A profound humanity is perhaps what best characterises Logie Bruce-Lockhart.
From teaching stock, he served with the household cavalry, being one of the first British soldiers to enter the notorious Belsen concentration camp. Forthright, strong-willed, yet always kind and good-humoured, Logie trusted and supported his staff and pupils, often championing the individual and unorthodox.
He is a countryman through and through, enjoying fishing, bird-watching and fungi-hunting. His considerable sporting prowess won him five rugby caps for Scotland. A love of classical music and water colour painting, with a talent for journalism complete the picture of this cultured man. It is perhaps as the raconteur that Logie is best remembered, though, his hilarious stories and brilliant public speaking being much quoted.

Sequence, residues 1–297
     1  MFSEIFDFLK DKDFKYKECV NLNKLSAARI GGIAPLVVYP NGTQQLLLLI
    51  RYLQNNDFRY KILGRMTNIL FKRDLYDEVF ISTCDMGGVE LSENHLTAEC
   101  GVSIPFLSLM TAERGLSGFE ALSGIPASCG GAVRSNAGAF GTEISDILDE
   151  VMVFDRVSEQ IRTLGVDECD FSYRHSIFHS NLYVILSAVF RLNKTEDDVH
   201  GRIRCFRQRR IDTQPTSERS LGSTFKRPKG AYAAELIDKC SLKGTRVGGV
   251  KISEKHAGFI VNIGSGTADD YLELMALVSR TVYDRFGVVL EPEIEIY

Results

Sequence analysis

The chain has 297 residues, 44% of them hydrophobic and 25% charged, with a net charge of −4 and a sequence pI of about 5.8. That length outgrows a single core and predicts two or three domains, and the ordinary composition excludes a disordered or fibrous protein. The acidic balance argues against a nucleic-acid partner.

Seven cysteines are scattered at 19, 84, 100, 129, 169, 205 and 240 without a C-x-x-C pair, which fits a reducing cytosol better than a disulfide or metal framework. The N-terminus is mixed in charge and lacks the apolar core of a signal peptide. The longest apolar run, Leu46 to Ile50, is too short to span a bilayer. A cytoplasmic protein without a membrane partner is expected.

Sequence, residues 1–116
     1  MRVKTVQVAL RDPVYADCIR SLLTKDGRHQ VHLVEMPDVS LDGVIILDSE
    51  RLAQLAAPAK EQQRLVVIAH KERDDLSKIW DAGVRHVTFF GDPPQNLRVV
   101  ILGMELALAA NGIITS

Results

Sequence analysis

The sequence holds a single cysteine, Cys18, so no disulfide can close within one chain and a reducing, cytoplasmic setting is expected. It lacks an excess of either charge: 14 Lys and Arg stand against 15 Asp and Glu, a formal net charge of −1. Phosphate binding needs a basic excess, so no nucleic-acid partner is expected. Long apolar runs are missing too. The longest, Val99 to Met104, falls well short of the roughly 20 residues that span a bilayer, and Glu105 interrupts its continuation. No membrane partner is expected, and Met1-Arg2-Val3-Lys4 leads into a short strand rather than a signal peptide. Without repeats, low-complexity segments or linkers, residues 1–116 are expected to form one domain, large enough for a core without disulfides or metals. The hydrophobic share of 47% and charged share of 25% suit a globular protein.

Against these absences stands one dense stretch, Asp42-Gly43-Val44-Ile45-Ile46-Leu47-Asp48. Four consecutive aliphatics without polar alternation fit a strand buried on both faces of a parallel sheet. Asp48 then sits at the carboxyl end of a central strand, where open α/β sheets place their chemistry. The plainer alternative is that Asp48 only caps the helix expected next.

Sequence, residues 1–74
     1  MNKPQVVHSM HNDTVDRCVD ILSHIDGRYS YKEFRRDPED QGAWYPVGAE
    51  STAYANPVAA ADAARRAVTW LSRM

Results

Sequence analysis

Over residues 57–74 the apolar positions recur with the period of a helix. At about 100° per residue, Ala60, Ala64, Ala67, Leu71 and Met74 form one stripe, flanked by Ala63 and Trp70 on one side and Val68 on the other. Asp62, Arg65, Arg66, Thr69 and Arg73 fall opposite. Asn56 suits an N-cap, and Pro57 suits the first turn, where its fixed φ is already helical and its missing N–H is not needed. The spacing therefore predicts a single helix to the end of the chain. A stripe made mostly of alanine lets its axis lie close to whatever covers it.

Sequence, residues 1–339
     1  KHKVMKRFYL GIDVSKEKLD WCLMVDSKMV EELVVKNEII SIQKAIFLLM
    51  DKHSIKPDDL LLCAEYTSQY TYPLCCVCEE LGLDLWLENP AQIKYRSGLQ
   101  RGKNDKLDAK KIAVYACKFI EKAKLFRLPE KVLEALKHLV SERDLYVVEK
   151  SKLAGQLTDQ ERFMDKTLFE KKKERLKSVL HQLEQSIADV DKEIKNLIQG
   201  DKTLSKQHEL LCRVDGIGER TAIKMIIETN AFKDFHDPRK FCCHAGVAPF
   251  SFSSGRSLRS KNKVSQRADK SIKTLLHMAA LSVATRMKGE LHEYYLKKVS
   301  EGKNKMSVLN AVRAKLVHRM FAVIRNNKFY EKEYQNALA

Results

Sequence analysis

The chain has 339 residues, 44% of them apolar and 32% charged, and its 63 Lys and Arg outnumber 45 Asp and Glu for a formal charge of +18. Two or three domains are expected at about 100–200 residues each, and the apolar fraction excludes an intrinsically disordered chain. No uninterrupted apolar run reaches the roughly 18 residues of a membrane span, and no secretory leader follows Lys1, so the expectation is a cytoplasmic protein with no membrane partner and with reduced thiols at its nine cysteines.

Within three weeks of becoming headmaster Logie was welcoming the Duke of Edinburgh to Gresham’s to celebrate the quarter centenary. Changing times in the 60s and 70s led to the introduction of a School Council, changes in sixth form uniform, and the advent of co-education. Shooting and sailing flourished and the reputation of the School grew nationally during Logie’s tenure. Although his absent mindedness was a Common Room legend, this benign but powerful figure would be a very hard act to follow.